Mother Brain (マザーブレイン) is a recurring game boss in the series. Its exact status has always been unclear, as it has been referred to as the general of the Space Pirates, a supercomputer that operates the Space Pirate-occupied world of Zebes, or a councillor of the Chozo. Mother Brain is depicted as a very large brain with cybernetic spikes and a single eye; usually contained in a glass tube which Samus must break to attack it, Mother Brain also rises from the floor with a grotesque body in Super Metroid. Samus seemingly destroys Mother Brain in the original Metroid, but again confronts it in Super Metroid; in this game, Samus is almost defeated, but the baby Metroid intervenes, and Samus once again defeats Mother Brain. It was revealed in Metroid Prime 3 that the Galactic Federation had constructed biomechanical supercomputers called Auroras, and that there were plans for a "Future Aurora Complex", which appears to be the Mother Brain as depicted in Super Metroid. In the trailer for Metroid: Other M, the scene of Mother Brain destroying the baby Metroid is reenacted in an FMV cutscene.
Ridley (リドリー) is a recurring antagonist of Samus Aran, a dragon-like extraterrestrial that despite being killed multiple times by her, is always revived by the Space Pirates using cloning or robotics. Other than Samus and the titular Metroids, Ridley is the only character that has appeared consistently throughout most of the games in the Metroid series (the exceptions being Metroid II for the Game Boy, Metroid Prime 2: Echoes for the GameCube, and Metroid Prime Hunters for the Nintendo DS).
A hostile group known as Space Pirates (スペースパイレーツ) serve as the antagonists of the Metroid series. They are a group of "interstellar nomads" resembling humanoid insects or crustaceans, who plunder colonies and ships. A single Pirate may have many biological differences between individuals of their own species, most likely because of their willingness to perform self-experimentation and mutation. Important leaders include Ridley, the Space Pirate commander, Mother Brain, the biomechanical defense of Zebes controlled by the Space Pirates, and Kraid, a recurring boss. The organization also includes a winged, mantis-like species, the Ki Hunters. The Space Pirates are interested in Metroid research, especially in using Metroids for energy generation, as soldiers, and for experimentation – their Phazon experiments produced all the Metroid variants seen in the Prime games with the exception of Metroid Prime itself.
- ↑ Retro Studios. Metroid Prime 3: Corruption. (Nintendo). Wii. (2007-08-27) "The ships of Bryyo sped to the stars, in all directions, bearing the banner of peace. Soon we found stellar brethren in the Chozo, the Luminoth, and the Ylla. Starborne knowledge came to Bryyo, and we gladly sent our wisdom to our new friends in return."
- ↑ 2.0 2.1 2.2 2.3 Gametrailers Staff (2007-07-25). The Metroid Retrospective Part 1. GameTrailers. Retrieved on 2008-03-30.
- ↑ Template:Citeweb
- ↑ Nintendo R&D1. Metroid Fusion. (Nintendo). Game Boy Advance. (2002-11-15) "Computer: Did this "Adam" care for you? Would he sit in a safe Command Room and order you to die? / Samus: He would understand that some must live and some must die… He knew what it meant. He made that sacrifice once. / Computer: So he chose life for you? Our fair warrior, Samus Aran… Your Adam gave his life so that you might keep yours… For the sake of the universe…"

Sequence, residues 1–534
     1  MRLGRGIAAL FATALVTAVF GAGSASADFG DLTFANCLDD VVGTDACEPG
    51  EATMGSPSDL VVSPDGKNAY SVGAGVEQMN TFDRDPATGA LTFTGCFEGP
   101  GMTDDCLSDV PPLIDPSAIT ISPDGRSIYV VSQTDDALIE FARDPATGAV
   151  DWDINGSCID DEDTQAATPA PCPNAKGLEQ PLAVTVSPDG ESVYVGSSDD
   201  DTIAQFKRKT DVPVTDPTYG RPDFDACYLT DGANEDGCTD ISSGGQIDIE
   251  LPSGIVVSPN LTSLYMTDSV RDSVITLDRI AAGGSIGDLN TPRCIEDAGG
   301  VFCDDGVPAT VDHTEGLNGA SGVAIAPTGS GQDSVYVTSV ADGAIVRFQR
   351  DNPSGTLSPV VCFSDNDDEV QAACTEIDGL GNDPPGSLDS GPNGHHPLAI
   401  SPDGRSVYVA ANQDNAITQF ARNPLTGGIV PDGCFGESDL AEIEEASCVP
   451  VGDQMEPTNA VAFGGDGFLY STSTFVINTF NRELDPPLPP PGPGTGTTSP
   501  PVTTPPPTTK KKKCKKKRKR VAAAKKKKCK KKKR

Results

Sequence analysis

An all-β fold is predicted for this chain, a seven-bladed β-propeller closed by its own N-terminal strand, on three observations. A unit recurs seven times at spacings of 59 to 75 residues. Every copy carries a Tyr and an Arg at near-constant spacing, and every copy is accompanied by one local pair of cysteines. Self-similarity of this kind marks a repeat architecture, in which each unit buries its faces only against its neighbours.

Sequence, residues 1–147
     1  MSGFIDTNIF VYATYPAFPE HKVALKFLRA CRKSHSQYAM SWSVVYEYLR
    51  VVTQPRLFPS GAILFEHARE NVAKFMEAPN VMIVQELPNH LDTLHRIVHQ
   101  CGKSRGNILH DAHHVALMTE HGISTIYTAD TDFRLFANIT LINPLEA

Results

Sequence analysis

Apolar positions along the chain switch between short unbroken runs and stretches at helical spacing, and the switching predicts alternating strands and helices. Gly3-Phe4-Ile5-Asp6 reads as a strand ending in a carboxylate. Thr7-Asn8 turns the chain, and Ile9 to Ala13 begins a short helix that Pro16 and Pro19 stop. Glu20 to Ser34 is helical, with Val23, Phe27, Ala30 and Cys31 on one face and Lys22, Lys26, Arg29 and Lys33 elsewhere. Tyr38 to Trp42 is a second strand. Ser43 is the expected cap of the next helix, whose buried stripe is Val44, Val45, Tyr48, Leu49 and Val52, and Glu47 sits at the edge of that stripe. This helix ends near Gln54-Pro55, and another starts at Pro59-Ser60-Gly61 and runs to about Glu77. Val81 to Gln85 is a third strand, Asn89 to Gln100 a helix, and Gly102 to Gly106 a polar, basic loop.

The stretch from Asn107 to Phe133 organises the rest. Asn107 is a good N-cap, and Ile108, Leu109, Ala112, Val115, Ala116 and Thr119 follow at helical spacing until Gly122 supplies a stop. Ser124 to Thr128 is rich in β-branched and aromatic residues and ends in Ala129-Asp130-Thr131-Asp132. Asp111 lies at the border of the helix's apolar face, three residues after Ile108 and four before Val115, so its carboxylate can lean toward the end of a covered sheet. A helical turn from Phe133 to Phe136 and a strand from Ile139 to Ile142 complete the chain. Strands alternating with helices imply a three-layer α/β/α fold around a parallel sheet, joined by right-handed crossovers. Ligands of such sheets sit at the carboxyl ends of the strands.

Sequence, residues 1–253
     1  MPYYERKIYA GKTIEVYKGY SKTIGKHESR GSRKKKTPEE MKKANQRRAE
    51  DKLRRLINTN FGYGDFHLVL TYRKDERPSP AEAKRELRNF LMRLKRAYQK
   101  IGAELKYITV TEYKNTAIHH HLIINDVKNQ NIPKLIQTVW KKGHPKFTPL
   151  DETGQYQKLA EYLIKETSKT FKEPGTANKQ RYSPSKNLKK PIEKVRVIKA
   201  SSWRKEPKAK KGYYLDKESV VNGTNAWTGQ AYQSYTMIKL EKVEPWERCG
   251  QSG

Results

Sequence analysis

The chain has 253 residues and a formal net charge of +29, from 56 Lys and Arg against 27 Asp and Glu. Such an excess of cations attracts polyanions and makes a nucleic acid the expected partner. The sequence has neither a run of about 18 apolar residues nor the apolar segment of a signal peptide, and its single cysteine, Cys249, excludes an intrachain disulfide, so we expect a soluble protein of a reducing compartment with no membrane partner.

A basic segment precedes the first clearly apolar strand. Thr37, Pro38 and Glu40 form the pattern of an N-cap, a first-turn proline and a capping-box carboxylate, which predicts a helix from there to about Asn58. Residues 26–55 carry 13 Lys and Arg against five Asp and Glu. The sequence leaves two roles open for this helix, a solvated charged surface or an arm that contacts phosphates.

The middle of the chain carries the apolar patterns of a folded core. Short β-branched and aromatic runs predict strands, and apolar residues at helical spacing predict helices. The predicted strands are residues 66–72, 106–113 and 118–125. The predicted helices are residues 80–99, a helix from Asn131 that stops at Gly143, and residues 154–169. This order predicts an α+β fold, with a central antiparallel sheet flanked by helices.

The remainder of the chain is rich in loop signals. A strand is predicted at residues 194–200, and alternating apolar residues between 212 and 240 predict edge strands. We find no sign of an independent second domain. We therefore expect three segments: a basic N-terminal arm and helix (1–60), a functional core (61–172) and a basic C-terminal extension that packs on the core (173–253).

- ↑ Jesse Schedeen (2008-02-12). Stars: Icons — Samus Aran. IGN. Retrieved on 2008-02-19.
- ↑ IGN Staff (October 18, 2002). Metroid Time Line. IGN. Retrieved on 2008-02-26.
- ↑ Craig Harris (January 23, 2004). Metroid: Zero Mission. IGN. Retrieved on 2008-02-26.
- ↑ Did You Know? Classic Metroid enemy Kraid was planned to be in Metroid Prime. Generation N. Retrieved on 2007-10-25.
- ↑ Rus McLaughlin (2007-08-24). IGN Presents The History of Metroid. IGN. Retrieved on 2008-02-17.
- ↑ Retro Studios. Metroid Prime. Level/area: Meteor Strike. "Chozo Lore: "A meteor came, casting a dark shadow of debris over the land with the violence of its impact. But the meteor brought with it corruption. A Great Poison burst forth into the land, clawing at life with such violence that we were ripped from our peaceful state and find ourselves wandering as shadows of the mortal forms we left behind, searching for why we are here.""
- ↑ Retro Studios. Metroid Prime. Level/area: Worm. "Chozo Lore: "The prophecies tell of the coming of the Worm. Born from parasites, nurtured in a poisoned womb, the Worm grows, devouring from within, until the world begins to rot. The words of the seers have come to pass, for there, in the depths of the world, the ravenous Worm lurks and feeds. From the stars it came, blighting Tallon with its Great Poison. We can but watch as the Worm grows, watch and wait.""
- ↑ Metroid Prime, NTSC version. Space Pirate Data "Metroid Prime": Test subject Z-d, hereafter referred to as Metroid Prime, was recently discovered in a cavern by mining crews.
- ↑ Metroid Prime, NTSC version. Space Pirate Data "Prime Breach": Subject Metroid Prime's breach has been contained. Reports indicate that it sensed a large batch of raw Phazon in the lab from within its stasis tank and broke through the glass, using previously unsuspected strength. Besides consuming all of the Phazon, Metroid Prime assimilated several weapons and defense systems from fallen security units.
- ↑ Metroid Prime, PAL version. Space Pirate Data "Impact Crater": Investigations into a possible ingress point for the impact crater continue to meet with failure. The shield of strange energy that protects it is impermeable, and all attempts to tunnel past it have proved fruitless. Our continued futility in this matter is made all the more significant in light of recent life form readings we've discovered emanating from deep within the crater.
- ↑ http://www.ign.com/videogame-villains/88.html
- ↑ 16.0 16.1 Matt Casamassina (August 14, 2007). The Return of Aran's Fiercest Enemy. IGN. Retrieved on 2008-02-26.